Gender pay gaps in medicine review
Figures published by the BBC on 16 Feb 2018 reveal a persistent 14 per cent gap for doctors. In May 2018, Jeremy Hunt, Secretary of State for Health and Social Care, launched a review chaired by Professor Jane Dacre, President of the Royal College of Physicians, examining the continued problem of gender pay gaps in medicine. The project is funded by the Department of Health and Social Care and will report back at the end of 2018.
It will utilise rigorous quantitative and qualitative methods to investigate psychological, sociological, cultural, institutional and organisational causes of gender pay gaps in medicine. The overall aim, on the basis of findings, is to make justified and implementable recommendations for national policy initiatives to reduce the gap.
To achieve this the project stages involve:
- Reviewing existing literature, setting out what is already known about doctors’ gender pay gaps
- Commissioning NHS Digital to a undertake a quantitative review of the size of gender pay gaps within specialisms, roles and career stages, decomposing factors that influence it. We are especially interested in pivotal points where pay gaps start to grow and in the consequences of the gap for lifetime earnings and pensions. Included here are all elements that make up total pay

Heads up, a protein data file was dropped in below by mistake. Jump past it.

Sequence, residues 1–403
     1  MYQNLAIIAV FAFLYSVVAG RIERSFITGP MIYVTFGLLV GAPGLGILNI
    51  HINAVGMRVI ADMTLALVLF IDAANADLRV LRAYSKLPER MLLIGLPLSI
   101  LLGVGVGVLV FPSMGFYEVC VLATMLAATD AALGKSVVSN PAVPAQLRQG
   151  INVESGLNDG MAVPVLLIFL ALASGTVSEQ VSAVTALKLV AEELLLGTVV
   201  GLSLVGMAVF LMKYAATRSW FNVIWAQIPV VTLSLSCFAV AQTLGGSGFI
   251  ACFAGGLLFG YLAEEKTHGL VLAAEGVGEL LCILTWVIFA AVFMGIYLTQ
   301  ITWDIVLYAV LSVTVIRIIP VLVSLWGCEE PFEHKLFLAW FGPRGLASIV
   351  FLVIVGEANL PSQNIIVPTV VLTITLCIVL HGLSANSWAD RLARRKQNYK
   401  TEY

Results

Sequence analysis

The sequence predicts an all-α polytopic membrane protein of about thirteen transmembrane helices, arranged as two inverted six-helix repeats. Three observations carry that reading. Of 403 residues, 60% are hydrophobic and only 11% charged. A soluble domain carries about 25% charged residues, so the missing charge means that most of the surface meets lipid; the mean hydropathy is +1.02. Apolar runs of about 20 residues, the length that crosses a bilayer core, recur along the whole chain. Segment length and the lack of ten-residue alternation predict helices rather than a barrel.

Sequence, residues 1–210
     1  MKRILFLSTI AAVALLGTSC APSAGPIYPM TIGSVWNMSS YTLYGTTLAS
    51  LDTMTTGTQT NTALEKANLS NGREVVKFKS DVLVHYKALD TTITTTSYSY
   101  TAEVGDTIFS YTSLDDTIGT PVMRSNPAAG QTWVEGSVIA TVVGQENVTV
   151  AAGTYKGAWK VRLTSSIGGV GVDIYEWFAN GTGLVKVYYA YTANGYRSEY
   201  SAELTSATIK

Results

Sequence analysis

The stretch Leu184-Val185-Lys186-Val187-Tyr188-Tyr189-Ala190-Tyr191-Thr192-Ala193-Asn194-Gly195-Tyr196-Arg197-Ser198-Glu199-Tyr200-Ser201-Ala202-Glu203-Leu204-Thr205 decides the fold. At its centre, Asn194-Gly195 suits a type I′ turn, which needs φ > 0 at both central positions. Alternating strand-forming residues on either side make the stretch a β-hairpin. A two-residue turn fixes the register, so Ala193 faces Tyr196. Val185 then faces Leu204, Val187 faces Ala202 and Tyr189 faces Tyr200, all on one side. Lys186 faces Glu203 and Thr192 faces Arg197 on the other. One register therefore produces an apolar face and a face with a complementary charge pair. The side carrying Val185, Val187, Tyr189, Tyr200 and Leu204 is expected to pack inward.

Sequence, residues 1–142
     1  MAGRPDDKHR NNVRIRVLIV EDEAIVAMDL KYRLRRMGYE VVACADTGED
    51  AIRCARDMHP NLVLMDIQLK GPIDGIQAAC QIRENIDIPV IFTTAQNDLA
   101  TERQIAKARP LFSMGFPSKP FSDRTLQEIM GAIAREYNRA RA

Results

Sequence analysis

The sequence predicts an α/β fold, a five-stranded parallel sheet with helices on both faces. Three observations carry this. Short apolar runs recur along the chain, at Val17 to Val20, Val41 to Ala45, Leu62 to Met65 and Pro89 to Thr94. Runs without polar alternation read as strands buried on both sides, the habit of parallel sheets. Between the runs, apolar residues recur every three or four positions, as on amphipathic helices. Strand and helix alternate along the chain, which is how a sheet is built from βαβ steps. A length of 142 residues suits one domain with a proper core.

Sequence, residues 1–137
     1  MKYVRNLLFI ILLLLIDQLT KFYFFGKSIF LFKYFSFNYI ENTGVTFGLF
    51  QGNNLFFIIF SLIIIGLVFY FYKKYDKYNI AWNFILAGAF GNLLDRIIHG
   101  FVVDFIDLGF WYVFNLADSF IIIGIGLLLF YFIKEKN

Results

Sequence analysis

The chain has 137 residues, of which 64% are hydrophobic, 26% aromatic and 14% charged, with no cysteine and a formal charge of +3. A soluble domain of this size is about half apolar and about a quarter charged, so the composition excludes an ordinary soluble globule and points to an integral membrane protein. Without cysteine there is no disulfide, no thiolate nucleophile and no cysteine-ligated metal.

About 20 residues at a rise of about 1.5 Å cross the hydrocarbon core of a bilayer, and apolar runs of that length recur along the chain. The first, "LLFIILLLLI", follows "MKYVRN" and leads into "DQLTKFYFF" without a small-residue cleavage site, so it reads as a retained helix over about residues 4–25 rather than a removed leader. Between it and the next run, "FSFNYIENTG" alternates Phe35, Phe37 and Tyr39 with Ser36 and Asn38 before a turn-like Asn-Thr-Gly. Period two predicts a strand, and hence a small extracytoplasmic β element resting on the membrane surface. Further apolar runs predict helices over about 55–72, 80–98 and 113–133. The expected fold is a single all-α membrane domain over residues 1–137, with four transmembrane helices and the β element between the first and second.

- Gathering qualitative information via telephone interviews and / or focus groups with doctors on social and cultural facilitators and barriers that might shed light on the origins of pay differences in medical careers. Creating an original survey circulated to doctors to understand how widespread are trends that we are learned within the qualitative data
- Liaising with stakeholders to ensure that we approach the topic from a variety of perspectives.
Call for participants
We are shortly going to be putting out a call for men and women participants at all stages of career and all specialisms to be interviewed on the topic of their medical careers, where key incidents have occurred, the consequences of them and the causes of them.
Professor Carol Woodhams
Professor of Human Resource Management and Head of Department of People and Organisations
Dr Ioannis Laliotis
City, University of London
Dr Jo Blanden
Reader in Economics, University of Surrey
Dr Mark Williams
Queen Mary University of London
Professor Carol Atkinson
Manchester Metropolitan University
Equal Pay Portal
Dr Duncan Brown
Institute of Employment Studies